On top of Fallout 3 influences and crime-reporting chickens , The Elder Scrolls V: Skyrim introduces a new concept: infidelity. Game director Todd Howard spilled all the dark secrets from his bedroom when he spoke to us about the intentional but unexpected events that Skyrim's procedural Radiant quest system can turn up.
“I had decided to marry this one woman who was my friend,” Howard begins. “I forgot that I had done this Radiant quest for this other guy, who turns out he had liked her...”
Despite a bright start, Howard's new virtual marriage wasn't an entirely happy one. “When you get married, you can decide where you live - if you own a house, your spouse can move in with you, or you can move in with them,” says Howard. “So I had owned a house in the city of Whiterun, and asked her, 'OK we should live there.' I went there, and she hadn't arrived yet, so I decided to wait - I slept.”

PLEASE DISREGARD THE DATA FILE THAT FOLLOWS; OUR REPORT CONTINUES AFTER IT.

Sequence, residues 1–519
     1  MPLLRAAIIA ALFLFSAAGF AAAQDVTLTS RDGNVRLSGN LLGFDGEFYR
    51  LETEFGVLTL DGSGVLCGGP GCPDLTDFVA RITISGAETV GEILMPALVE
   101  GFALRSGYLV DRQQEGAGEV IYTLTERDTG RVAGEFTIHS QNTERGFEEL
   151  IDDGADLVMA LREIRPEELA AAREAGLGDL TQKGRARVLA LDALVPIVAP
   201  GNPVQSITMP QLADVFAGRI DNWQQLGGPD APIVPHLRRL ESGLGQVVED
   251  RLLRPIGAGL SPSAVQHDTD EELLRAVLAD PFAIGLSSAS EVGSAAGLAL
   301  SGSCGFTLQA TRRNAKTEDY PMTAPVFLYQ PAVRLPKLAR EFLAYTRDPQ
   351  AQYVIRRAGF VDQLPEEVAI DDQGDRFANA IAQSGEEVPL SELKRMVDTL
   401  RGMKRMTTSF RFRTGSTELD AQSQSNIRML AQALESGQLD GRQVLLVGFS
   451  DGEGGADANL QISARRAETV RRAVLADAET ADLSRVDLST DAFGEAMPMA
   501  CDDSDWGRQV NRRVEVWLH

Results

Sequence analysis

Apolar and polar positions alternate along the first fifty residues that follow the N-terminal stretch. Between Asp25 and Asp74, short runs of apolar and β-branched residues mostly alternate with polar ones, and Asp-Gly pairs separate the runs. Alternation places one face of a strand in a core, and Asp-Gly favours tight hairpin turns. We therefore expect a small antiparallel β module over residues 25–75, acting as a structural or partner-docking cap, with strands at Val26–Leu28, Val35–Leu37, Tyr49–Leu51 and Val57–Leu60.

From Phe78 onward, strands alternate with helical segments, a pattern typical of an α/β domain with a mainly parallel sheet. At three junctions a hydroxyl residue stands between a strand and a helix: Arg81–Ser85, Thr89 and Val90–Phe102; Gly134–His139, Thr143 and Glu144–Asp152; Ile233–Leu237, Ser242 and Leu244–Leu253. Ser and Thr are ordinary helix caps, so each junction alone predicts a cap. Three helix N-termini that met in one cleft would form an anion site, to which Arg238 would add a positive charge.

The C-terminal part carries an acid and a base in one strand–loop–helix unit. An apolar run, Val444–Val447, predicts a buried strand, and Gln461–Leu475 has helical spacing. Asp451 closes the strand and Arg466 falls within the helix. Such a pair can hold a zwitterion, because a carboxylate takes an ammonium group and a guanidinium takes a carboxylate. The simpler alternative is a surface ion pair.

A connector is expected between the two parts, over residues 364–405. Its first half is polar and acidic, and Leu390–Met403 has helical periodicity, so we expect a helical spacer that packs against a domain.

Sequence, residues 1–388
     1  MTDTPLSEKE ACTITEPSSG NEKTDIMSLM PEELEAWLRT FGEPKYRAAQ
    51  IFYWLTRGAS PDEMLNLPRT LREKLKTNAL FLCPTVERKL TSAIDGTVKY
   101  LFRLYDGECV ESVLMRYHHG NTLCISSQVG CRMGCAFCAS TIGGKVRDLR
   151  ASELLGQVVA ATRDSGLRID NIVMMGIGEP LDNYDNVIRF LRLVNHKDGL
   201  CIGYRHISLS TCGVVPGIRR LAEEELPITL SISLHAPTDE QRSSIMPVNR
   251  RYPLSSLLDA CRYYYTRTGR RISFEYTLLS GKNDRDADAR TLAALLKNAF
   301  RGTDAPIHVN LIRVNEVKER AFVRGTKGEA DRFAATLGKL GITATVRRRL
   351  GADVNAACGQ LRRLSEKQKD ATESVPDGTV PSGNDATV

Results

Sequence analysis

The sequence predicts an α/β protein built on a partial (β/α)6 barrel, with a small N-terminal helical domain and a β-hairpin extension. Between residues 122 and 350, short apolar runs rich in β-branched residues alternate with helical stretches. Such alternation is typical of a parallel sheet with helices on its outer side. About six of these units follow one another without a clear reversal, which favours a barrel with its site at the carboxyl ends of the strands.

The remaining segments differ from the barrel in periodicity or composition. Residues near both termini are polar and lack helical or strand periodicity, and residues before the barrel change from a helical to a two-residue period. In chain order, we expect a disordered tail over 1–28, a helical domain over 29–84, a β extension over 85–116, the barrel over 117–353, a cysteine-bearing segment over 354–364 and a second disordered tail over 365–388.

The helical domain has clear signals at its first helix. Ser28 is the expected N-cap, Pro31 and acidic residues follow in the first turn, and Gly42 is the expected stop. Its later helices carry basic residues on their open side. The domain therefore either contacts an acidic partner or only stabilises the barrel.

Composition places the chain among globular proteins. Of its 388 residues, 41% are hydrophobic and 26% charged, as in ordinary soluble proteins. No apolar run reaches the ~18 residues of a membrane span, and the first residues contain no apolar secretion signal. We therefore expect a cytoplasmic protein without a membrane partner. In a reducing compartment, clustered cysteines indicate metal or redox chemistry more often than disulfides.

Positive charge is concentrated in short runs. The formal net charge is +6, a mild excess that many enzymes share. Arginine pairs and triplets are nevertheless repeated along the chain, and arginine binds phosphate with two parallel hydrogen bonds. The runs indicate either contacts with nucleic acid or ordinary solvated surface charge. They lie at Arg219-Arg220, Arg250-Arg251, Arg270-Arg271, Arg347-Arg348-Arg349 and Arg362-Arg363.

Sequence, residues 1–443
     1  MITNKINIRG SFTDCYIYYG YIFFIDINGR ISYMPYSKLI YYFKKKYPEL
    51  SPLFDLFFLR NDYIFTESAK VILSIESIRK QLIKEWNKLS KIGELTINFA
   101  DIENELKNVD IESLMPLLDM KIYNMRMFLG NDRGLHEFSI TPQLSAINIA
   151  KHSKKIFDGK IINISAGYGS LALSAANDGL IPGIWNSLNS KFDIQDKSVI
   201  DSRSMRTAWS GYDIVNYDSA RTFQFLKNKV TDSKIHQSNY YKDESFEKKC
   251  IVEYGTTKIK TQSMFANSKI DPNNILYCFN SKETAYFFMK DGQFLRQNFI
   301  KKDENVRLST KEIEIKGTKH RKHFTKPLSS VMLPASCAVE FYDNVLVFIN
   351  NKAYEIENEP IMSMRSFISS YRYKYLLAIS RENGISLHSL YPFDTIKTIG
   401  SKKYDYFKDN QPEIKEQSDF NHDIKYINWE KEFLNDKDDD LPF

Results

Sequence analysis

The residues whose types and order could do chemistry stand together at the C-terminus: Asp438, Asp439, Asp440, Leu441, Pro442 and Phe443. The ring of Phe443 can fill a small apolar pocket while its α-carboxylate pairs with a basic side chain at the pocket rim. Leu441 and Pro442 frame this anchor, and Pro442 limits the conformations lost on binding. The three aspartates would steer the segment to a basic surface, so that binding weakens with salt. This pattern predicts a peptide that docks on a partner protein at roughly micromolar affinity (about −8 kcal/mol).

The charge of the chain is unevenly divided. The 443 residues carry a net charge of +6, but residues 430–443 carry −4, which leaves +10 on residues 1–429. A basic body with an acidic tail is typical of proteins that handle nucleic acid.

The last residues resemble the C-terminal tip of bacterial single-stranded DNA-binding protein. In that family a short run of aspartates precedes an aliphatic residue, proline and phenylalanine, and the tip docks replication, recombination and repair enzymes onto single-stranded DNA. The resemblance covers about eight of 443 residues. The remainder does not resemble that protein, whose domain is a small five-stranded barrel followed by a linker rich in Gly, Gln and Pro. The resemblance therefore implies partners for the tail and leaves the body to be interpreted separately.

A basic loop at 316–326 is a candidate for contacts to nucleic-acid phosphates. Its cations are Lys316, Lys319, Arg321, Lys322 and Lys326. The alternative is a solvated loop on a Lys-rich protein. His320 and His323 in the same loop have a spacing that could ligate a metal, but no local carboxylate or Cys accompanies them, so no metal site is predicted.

Despite being sound asleep in his own home, an interloper arrived. “Then she showed up, and I turned around and she was standing there, I saw another door open to another bedroom and the other guy walked out!” says Howard. “If you make him like her, he then visits her every day, and doesn't care if she's married.”
"It's my wedding night, guy walks out of the bedroom!"
The “Radiant” feature Howard refers to is Skyrim's unique storytelling engine, which changes NPC's roles in the world depending on your choices during quests. And also provides enough storylines for another three years of Eastenders.